Bed rest is an inherent part of treatment for acute myocardial infarction (AMI). In clinical practice this intervention is prescribed in different ways and for different lengths of time. Current guidelines recommend at least 12 hours bed rest following AMI. However the basis for these recommendations is unclear. This review found 15 trials which were generally outdated and of moderate to poor methodological quality. Bed rest ranging from 2 to 12 days appears to be as safe as longer periods of bed rest. No evidence was found to support the current bed rest recommendations of not more than 12 to 24 hours. The optimal duration of bed rest after AMI remains undetermined from the available evidence.
Bed rest ranging from 2 to 12 days appears to be as safe as longer periods of bed rest. The quality of most trials is unsatisfactory. Current bed rest recommendations are not supported by the existing evidence as the optimal duration of bed rest is unknown. The lack of adequate trials is surprising, considering the large size of several studies to compare effectiveness of drugs on people with AMI.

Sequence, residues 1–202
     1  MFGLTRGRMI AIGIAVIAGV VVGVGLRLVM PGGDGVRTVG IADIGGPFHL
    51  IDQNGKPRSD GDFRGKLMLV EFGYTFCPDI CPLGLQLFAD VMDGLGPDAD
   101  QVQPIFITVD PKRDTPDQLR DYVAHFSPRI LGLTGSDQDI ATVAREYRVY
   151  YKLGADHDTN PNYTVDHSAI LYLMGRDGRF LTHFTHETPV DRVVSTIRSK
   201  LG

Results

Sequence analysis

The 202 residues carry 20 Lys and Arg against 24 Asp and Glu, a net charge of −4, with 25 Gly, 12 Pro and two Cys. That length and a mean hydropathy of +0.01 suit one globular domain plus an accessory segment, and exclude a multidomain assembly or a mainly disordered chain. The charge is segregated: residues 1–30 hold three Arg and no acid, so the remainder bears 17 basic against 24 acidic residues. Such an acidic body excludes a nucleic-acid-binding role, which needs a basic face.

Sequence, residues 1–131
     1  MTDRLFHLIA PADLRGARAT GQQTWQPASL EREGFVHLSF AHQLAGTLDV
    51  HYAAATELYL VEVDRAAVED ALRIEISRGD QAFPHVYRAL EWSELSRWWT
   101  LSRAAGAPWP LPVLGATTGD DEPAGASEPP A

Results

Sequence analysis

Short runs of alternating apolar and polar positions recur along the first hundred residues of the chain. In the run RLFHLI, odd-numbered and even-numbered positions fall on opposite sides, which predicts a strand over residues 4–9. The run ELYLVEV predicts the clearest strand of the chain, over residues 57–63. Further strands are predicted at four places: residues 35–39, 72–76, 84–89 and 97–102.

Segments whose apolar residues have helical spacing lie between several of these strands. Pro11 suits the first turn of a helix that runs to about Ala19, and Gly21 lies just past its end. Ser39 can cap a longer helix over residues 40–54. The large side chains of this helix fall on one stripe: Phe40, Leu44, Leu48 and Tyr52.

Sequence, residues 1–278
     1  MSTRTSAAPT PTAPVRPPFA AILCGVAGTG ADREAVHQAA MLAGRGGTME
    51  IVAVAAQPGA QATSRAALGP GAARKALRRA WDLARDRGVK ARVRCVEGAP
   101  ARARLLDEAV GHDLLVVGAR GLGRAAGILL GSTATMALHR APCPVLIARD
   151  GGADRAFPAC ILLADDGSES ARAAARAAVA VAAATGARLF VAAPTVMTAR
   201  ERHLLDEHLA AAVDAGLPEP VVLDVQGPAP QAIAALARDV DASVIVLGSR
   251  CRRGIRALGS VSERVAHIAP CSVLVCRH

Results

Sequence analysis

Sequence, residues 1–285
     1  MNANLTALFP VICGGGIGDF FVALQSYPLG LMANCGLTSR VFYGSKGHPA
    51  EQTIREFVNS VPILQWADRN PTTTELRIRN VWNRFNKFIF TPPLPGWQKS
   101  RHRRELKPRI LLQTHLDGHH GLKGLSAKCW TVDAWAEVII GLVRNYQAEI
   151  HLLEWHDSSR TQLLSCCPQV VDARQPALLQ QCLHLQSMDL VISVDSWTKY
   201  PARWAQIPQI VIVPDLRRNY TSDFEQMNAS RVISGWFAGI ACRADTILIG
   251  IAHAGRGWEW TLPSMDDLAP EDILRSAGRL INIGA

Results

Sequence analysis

Bed rest is prescribed to all patients with acute myocardial infarction (AMI), but to a variable extent. Current guidelines (American College of Cardiology/ American Heart Association) recommend at least 12 hours bed rest in patients with uncomplicated ST-elevation myocardial infarction, however the basis for this recommendation is unclear.
To compare the effects of short versus longer bed rest in patients with uncomplicated AMI.
We searched the Cochrane Central Register of Controlled Trials (The Cochrane Library 2009, Issue 3), MEDLINE (January 1966 to October 2009), EMBASE (January 1988 to October 2009), PASCAL BioMed (January 1996 to August 2005), PsycINFO (January 1966 to October 2009) and BIOSIS Previews (January 1990 to October 2009). Bibliographies were checked. No language restrictions were applied.
Randomised and quasi-randomised controlled trials of short versus longer bed rest in patients with uncomplicated AMI were sought.
Study selection was performed independently by at least two investigators according to the predefined inclusion criteria. Data were extracted by two investigators independently and in duplicate. Authors were contacted to obtain missing information.
We found 15 trials with 1487 patients assigned to a short period of bed rest (median 6 days) and 1471 patients assigned to longer bed rest (median 13 days). Generally the studies were outdated and appeared to be of moderate to poor methodological reporting quality. There was no evidence that shorter bed rest was more harmful than longer bed rest in terms of all cause mortality (RR 0.85, 95%CI 0.68 to 1.07), cardiac mortality (RR 0.81, 95%CI 0.54 to 1.19), or reinfarction (RR 1.07, 95%CI 0.79 to 1.44).